It's not all sad news from Amar'e Stoudemire's camp, even after Yahoo! Sports' Kelly Dwyer recently reported that the big man will be taking it easy this offseason and declining to work with Hakeem Olajuwon in favor of some much-needed rest.
According to Dan Amira and Jennifer Vineyard of the Daily Intelligencer, the New York Knicks star is taking the next step in exploring his Hebrew roots, applying for Israeli citizenship and even receiving an invitation from President Shimon Peres to play for the national team.
The following passage from a 2010 Associated Press article on ESPN seems particularly relevant now:
Stoudemire spent his first eight NBA seasons with the Phoenix Suns, where he won the 2003 Rookie of the Year award and became one of the league's dominant players. Now, his possible Jewish ties have stirred interest in Israel, with bloggers dreaming he could one day join the Israeli national team.
Stoudemire, however, laughed that off.
"I'm looking forward to playing in the 2012 Olympics," he said. "For the USA."
Is it possible that Stoudemire's thoughts have changed now?
Will Stoudemire play for Israel's national team?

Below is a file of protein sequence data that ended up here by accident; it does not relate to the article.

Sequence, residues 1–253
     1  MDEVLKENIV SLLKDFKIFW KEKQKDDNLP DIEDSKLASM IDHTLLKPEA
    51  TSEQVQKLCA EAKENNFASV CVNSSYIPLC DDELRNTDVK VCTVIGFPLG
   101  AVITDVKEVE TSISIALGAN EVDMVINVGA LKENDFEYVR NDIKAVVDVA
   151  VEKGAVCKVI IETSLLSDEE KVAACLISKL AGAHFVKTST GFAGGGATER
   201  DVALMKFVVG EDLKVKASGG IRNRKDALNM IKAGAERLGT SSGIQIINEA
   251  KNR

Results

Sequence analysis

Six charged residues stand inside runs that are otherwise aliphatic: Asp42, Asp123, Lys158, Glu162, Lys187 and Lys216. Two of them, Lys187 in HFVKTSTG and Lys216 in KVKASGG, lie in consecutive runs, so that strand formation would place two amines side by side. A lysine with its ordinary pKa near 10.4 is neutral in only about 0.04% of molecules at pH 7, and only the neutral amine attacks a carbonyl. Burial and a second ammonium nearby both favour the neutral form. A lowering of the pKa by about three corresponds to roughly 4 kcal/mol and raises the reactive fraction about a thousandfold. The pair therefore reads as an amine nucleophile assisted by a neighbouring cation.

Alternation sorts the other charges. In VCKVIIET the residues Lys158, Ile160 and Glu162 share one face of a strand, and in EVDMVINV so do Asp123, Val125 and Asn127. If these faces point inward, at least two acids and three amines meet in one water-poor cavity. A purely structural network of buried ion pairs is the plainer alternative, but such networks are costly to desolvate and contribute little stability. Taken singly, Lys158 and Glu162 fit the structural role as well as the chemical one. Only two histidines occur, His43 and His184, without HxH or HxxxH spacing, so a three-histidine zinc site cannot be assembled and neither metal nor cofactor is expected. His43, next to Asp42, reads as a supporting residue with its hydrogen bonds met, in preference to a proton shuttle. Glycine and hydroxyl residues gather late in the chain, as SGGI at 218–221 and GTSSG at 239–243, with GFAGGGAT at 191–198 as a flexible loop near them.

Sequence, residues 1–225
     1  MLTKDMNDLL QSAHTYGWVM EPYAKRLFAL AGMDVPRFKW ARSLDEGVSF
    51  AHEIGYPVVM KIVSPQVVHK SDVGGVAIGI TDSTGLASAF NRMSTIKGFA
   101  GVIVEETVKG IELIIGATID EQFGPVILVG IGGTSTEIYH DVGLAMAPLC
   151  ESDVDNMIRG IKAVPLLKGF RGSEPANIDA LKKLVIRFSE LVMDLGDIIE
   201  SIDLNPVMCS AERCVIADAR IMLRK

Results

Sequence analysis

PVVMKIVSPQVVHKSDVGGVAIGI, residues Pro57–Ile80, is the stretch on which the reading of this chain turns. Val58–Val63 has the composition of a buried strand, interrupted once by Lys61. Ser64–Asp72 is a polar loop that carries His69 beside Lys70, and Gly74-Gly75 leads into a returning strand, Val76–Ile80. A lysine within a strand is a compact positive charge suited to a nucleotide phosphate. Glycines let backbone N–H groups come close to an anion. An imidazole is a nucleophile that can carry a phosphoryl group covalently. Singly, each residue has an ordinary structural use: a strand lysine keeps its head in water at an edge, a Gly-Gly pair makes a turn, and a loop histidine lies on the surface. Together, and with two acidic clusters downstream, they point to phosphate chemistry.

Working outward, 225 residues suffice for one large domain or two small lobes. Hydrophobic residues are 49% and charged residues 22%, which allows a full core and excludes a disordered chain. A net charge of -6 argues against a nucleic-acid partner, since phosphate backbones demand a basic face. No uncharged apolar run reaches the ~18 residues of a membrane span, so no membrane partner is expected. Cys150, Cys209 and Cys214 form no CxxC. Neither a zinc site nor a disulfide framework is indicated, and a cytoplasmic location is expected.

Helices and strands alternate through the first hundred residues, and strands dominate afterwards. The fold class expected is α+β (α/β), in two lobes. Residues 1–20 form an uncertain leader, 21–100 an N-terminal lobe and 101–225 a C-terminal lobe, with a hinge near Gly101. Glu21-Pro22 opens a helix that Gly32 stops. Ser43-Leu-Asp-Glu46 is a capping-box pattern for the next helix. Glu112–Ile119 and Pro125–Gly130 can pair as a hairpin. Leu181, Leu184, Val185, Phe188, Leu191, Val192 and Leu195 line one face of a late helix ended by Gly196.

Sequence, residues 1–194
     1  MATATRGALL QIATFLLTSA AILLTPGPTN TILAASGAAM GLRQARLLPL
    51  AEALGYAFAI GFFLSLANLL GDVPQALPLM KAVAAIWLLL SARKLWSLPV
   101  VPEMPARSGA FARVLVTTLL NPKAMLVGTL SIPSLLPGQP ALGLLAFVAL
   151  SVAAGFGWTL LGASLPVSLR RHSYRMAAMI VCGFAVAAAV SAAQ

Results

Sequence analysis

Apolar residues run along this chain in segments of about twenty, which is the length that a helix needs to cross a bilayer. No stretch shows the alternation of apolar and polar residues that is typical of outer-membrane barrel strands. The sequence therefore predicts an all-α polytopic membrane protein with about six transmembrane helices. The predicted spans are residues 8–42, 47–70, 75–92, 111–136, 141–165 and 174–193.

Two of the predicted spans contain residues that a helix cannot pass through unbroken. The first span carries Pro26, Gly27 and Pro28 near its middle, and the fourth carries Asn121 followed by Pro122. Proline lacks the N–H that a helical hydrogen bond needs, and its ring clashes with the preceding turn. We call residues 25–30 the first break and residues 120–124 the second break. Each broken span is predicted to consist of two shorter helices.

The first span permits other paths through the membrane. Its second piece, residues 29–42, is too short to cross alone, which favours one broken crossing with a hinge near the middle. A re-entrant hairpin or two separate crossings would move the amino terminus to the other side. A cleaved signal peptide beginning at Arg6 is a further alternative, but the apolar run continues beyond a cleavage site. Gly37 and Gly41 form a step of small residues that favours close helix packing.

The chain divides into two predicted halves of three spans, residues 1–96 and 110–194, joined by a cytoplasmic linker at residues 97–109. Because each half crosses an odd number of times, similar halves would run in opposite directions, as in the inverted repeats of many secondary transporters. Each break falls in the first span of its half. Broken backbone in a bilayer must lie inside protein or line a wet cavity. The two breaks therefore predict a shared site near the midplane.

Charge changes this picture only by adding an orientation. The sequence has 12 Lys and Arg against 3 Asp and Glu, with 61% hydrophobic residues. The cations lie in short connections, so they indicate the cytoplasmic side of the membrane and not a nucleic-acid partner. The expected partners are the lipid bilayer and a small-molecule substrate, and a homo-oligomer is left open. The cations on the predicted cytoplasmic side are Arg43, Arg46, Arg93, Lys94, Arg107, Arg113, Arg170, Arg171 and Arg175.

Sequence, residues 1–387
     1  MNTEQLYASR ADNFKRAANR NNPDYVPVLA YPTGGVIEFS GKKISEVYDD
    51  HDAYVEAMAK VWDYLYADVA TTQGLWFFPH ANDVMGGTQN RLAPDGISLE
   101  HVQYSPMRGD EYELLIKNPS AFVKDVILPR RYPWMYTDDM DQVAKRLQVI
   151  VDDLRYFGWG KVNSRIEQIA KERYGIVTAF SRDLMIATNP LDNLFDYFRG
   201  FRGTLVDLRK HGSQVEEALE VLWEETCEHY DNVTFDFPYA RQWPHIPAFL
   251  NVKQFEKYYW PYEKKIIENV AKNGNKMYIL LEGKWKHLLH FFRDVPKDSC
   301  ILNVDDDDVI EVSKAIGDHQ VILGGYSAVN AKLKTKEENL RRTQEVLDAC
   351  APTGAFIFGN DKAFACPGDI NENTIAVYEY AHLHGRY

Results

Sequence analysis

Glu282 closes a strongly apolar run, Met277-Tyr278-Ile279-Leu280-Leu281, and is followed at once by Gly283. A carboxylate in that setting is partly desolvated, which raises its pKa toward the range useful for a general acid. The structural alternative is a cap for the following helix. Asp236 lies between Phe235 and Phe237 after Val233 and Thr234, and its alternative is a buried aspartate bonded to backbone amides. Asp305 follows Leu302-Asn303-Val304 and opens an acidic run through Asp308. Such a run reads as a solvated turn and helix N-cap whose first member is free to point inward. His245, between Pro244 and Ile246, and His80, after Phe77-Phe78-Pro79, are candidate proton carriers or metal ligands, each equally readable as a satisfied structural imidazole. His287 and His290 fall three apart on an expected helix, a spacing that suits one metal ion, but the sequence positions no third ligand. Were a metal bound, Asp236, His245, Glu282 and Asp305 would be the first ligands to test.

He's been practicing Judaism and learning Hebrew, spending time in Israel, becoming a part owner of Hapoel Jerusalem and giving plenty of indications that his stance may be different. At the very least, he'd have to deny rumors about the 2016 Olympics without laughing, because those questions would be quite a bit more serious.
The power forward has absolutely zero chance of representing the USA in 2016.
There are too many young talents ready to play internationally, and Stoudemire already appears to be declining. Knicks fans hope that's just a mirage created by injury, but there are certainly signs that the power forward will never be the same player he once was.
All the while, Omri Casspi remains the first and only Israeli player to have played in the NBA. Gal Mekel will soon bring the number to two.
Could Amar'e make it a trio?